[r]epublicans should wonder exactly when this “hereditary” hatred of tax officers and of tax initiatives ended and gave way to the “Aw shucks, we gotta have gubbmint so we gotta fund the derned thang too. Aunt Petunia’s daughters need their ‘daddy checks’ just as much as I need my tobaccy.” Next Henry conceives (correctly I believe) that the term “We the People” was calculated to turn [r]epublicans into democrats and then into government slaves.
“The style of the government (We, the people) was introduced perhaps to recommend it to the people at large; to those citizens who are to be levelled and degraded to the lowest degree; who are likened to a herd;* and who, by the operation of this blessed system, are to be transformed from respectable, independent citizens, to abject, dependent subjects or slaves. The honorable gentleman has anticipated what we are to be reduced to, by degradingly assimilating our citizens to a herd.
[*Here Governor Randolph arose, and declared that he did not use that word to excite any odium, but merely to convey an idea of a multitude.]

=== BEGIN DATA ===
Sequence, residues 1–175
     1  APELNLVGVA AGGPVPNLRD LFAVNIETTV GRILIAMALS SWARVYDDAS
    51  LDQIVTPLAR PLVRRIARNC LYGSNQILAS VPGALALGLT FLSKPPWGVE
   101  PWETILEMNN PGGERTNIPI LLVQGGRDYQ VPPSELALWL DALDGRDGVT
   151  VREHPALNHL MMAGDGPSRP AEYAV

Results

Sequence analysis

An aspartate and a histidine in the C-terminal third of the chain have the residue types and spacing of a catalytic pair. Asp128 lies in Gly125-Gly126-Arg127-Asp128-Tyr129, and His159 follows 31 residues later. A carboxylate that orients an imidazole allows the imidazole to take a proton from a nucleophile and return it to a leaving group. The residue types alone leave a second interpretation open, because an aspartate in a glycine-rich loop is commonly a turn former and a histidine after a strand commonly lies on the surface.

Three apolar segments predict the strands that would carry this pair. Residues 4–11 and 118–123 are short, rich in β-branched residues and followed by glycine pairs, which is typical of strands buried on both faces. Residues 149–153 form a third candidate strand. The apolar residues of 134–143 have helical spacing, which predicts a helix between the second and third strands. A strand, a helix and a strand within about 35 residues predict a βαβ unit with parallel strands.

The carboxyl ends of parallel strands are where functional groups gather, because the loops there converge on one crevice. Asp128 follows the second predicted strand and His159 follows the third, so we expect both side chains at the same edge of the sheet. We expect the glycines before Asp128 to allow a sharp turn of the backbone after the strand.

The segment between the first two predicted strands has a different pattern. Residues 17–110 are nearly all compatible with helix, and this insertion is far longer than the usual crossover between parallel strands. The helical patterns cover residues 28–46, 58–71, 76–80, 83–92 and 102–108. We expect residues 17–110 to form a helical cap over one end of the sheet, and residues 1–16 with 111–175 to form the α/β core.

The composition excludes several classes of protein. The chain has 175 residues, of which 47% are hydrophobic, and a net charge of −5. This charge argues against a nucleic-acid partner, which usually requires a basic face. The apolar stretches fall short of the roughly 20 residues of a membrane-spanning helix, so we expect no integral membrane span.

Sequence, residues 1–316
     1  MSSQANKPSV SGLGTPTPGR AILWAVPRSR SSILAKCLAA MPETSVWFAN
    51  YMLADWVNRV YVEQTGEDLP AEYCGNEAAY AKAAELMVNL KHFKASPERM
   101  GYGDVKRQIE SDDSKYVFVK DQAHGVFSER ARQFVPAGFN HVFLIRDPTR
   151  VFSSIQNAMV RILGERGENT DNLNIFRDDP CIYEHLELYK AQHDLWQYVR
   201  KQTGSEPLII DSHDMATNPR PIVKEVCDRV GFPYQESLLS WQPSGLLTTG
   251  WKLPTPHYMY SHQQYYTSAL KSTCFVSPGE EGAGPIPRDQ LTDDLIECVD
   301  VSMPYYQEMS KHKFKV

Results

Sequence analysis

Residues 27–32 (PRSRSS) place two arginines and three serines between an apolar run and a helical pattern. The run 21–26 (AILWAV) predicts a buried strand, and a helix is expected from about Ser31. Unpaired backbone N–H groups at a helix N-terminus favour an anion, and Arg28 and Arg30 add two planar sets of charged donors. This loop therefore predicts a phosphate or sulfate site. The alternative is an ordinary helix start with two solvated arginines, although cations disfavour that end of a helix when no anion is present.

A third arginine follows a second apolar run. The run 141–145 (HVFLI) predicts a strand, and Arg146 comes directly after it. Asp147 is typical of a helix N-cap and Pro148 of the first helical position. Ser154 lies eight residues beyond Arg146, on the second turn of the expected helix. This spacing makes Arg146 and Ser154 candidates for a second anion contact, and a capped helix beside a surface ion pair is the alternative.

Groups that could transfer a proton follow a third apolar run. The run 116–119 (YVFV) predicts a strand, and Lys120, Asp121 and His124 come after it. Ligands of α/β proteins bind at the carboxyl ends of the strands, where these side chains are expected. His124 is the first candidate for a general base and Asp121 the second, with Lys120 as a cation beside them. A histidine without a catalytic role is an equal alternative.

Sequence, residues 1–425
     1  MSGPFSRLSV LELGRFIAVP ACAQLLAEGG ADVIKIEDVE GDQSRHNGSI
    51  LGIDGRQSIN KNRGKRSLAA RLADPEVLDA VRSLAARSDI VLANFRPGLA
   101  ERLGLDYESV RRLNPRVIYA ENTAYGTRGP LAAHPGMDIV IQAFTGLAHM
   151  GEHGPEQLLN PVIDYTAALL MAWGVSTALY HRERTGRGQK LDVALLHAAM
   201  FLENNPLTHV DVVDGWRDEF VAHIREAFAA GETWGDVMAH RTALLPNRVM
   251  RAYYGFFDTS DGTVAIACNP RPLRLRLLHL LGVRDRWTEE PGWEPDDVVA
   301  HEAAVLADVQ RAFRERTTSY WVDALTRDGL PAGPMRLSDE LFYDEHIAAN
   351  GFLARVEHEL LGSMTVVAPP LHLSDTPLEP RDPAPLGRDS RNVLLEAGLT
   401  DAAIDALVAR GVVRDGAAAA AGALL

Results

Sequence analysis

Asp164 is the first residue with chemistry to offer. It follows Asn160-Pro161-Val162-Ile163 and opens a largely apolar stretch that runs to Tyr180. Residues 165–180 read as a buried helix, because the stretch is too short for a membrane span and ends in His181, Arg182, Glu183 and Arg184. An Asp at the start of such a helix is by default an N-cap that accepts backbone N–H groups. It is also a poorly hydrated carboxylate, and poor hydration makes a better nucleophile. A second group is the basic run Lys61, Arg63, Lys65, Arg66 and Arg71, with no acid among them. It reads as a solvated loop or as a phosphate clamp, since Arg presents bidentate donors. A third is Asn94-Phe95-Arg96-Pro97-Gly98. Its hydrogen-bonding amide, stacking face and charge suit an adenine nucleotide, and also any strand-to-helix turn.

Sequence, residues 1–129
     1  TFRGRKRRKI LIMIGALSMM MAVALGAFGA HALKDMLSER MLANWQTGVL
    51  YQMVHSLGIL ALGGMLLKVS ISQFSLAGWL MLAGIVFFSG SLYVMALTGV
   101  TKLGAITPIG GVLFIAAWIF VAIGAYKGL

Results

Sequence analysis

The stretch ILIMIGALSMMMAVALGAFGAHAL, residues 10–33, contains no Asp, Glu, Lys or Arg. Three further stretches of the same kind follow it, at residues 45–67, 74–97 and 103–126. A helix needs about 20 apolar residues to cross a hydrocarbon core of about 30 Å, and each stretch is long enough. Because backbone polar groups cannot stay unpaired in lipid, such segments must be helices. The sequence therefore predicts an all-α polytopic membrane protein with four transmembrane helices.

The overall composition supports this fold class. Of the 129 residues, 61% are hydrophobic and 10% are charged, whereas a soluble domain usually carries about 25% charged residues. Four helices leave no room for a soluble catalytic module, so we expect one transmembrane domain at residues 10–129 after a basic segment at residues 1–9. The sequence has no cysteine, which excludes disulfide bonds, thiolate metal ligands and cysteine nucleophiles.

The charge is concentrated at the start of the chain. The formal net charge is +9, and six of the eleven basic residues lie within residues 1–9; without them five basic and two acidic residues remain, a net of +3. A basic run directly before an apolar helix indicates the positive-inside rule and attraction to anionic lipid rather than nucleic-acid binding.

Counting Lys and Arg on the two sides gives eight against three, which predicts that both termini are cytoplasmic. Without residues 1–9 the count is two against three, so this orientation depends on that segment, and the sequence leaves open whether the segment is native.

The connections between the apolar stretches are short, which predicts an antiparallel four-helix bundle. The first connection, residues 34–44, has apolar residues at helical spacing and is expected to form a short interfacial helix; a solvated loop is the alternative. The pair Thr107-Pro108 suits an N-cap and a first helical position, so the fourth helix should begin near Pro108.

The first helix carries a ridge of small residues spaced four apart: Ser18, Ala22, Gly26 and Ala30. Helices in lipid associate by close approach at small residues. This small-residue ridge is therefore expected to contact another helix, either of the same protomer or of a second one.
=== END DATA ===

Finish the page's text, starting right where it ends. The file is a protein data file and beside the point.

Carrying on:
Mr. Henry replied, that it made a deep impression on his mind, and that he verily believed that system would operate as he had said. He then continued: “I will exchange that abominable word for requisitions. Requisitions, which gentlemen affect to despise, have nothing degrading in them. On this depends our political prosperity. I never will give up that darling word requisitions: my country may give it up; a majority may wrest it from me, but I will never give it up till my grave. Requisitions are attended with one singular advantage. They are attended by deliberation. They secure to the states the benefit of correcting oppressive errors. If our Assembly thought requisitions erroneous, if they thought the demand was too great, they might at least supplicate Congress to reconsider — that it was a little too much. The power of direct taxation was called by the honorable gentleman the soul of the government: another gentleman called it the lungs of the government. We all agree that it is the most important part of the body politic. If the power of raising money be necessary for the general government, it is no less so for the states. If money be the vitals of Congress, is it not precious for those individuals from whom it is to be taken? Must I give my soul, my lungs, to Congress? Congress must have our souls; the state must have our souls. This is dishonorable and disgraceful. These two coördinate, interfering, unlimited powers of harassing the community are unexampled: it is unprecedented in history. They are the visionary projects of modern politicians. Tell me not of imaginary means, but of reality; this political solecism will never tend to the benefit of the community. It will be as oppressive in practice as it is absurd in theory. If you part from this, which the honorable gentleman tells you is the soul of Congress, you will be inevitably ruined I tell you, they shall not have the soul of Virginia. They tell us that one collector may collect the federal and state taxes. The general government being paramount to the state legislatures, if the sheriff is to collect for both, — his right hand for Congress, his left for the state, — his right hand being paramount over the left, his collections will go to Congress. We shall have the rest. Deficiencies in collections will always operate against the states. Congress, being the paramount, supreme power, must not be disappointed. Thus Congress will have an unlimited, unbounded command over the soul of this commonwealth. After satisfying their uncontrolled demands, what can be left for the states? Not a sufficiency even to defray the expense of their internal administration. They must therefore glide imperceptibly and gradually out of existence. This, sir, must naturally terminate in a consolidation. If this will do for other people, it never will do for me.”